Figure 1: Comparison of CCLE gene expression and genetic data with gene expression and genetic data from the bladder TCGA study identifies human cell lines representative of luminal and basal bladder cancer.
Figure 1

(A) CCLE Urinary Tract Cell Line Data, cases organized by expression subtype (Luminal, ”non-type”, and Basal), copy number alterations (CNA), and mutational data, from several genes commonly affected in human bladder cancer. (B) TCGA Urothelial Bladder Cancer Data, cases organized by expression subtype (luminal vs basal), copy number alterations (CNA), and mutational data from several commonly affected genes.

Specific urothelial cancer morphologies correlate with molecular subtype assignment

Molecular subtype has been repeatedly correlated with tissue morphology in bladder cancer3,4,43, and variant histologies in bladder cancer are often associated with differences in clinical outcome45,46, much as is the case with molecular subtype2,7. Specifically, luminal bladder cancers are enriched for papillary histology in the noninvasive component, whereas basal bladder cancers are enriched for squamous differentiation4. In order to determine if a subset of UC cell lines classified as luminal or basal additionally exhibited a histomorphologic pattern consistent with molecular subtype assignment, we performed tissue recombination xenografting (see materials and methods) using RT4 (luminal), UMUC1 (luminal), and SCaBER (basal) UC cells.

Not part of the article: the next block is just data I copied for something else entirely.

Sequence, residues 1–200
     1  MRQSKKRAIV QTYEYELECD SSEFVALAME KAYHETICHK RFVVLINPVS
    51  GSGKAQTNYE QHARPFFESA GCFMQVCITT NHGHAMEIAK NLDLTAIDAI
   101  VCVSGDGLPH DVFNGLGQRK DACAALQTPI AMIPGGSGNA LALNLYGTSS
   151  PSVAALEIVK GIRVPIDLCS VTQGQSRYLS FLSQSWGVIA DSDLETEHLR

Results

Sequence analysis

As we previously reported, tissue recombinants containing RT4 cells (luminal) exhibited a morphologic pattern consistent with a high grade, non-invasive urothelial cell carcinoma, with papillary histology characterized by fibro vascular cores and no destructive invasion into the renal parenchyma (Fig. 2A, top panel). Immunohistochemical analysis of RT4-based tissue recombinants show that these tumors express FOXA1, GATA3, and uroplakins, as well as the basal markers KRT5/6, but fail to express the basal markers KRT14 and EGFR (Fig. 2A; bottom panels). Tissue recombinants containing UMUC1 (luminal) had a conventional invasive urothelial carcinoma morphology (Fig. 2B, top panel). Interestingly, UMUC1 cells were extremely aggressive, and exhibited deep invasion into the kidney (Fig. 2B H&E) as well as local extension into adjacent structures. Immunohistochemical analysis of UMUC1-based recombinants revealed these tumors expressed a subset of both luminal and basal markers (Fig. 2B; bottom panels) consistent with our gene expression analysis (Fig. 1). This observation, as well as additional immunohistochemistry for KRT20 and specific uroplakin family members (see supplementary Figure 4) suggests a limited panel of markers is not sufficient to differentiate a relatively small set of xenograft tumors as belonging to a specific molecular subtype. Tissue recombinants consisting of SCaBER cells (basal), a cell line established from a patient with pure squamous cell carcinoma29, exhibited an invasive phenotype with intercellular bridges and keratin pearls, both hallmarks of squamous differentiation (Fig. 2C, top panel). SCaBER tissue recombinants failed to express detectable levels of FOXA1, GATA3, and UPK, but did express high levels of KRT5/6, KRT14, EGFR (Fig. 2C, bottom panels) and UPK2 (supplemental Figure S4). Taken together, pathological characterization of in vivo tumors derived from RT4, UMUC1, and SCaBER cells support our gene expression and genetic analysis of these cell lines. These results further support the use of these cell lines as models of high-grade non-invasive luminal bladder cancer (RT4), high-grade invasive luminal bladder cancer (UMUC1), and high-grade invasive basal bladder cancer with squamous differentiation (SCaBER).